WHAT IT IS: Unable to repay his student loans, a law student in Tokyo has to accompany the debt collector on a tour of the city to wipe his slate clean.
HOW IT IS: In a cluster of bizarre scenes and odd situations, Adrift in Tokyo makes us experience its city, from its empty residential streets to its Metropolis-like allure; it is an abyss of contradictions, just as we are. It better embodies the spirit of Tokyo than the cold portrayals of films like Babel or Lost in Translation. Its inhabitants repeatedly show how colourful but likeable they are, making for several laugh-out-loud funny scenes.
But, as funny as Adrift in Tokyo is, it becomes apparent, as the film nears its end, that heart is at the centre of its storytelling. Jo Odagiri shines as the clueless serial-student oblivious to the realities of life and in desperate need of guidance. As the tragedy of life replaces its comedy, his character (and the public which accompanies him on this journey) deplores that this wonderful experience is coming to an end but understands that it could never go any other way,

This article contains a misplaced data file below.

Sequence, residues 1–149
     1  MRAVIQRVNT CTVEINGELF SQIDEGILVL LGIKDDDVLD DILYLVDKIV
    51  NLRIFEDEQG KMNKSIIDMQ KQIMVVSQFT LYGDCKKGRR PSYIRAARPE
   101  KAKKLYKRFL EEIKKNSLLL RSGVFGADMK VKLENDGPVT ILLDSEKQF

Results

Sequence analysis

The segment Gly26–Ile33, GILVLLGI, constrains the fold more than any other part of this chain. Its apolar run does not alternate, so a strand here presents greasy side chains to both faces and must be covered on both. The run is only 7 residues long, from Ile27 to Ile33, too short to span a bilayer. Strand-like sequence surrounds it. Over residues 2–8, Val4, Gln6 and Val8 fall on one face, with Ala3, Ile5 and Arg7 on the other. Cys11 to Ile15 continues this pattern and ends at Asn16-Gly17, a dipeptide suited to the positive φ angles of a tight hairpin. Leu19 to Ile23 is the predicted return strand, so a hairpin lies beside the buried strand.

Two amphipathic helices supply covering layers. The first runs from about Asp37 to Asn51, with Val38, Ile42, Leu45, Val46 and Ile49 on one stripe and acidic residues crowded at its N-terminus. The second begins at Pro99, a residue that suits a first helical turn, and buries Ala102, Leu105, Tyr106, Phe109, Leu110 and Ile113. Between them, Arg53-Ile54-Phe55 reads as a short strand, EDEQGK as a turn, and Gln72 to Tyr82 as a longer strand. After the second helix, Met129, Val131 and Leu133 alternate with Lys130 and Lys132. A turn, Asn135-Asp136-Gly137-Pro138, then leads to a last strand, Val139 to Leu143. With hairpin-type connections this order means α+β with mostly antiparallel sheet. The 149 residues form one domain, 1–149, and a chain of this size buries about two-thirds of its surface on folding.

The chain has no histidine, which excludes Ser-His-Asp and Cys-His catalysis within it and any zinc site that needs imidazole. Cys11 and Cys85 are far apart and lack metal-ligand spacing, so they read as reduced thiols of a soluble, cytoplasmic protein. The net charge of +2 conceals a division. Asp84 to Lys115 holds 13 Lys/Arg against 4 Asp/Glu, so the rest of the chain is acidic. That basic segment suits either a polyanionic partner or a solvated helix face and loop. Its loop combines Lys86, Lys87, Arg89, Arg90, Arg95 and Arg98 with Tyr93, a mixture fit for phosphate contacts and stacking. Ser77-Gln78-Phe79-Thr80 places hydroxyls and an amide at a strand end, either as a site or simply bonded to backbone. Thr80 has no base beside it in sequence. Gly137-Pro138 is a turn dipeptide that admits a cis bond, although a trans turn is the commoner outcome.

Adrift in Tokyo is a gem; it flatters all the right emotional strings and pleases without ridiculing itself or its characters. It is a testament to what makes us all human.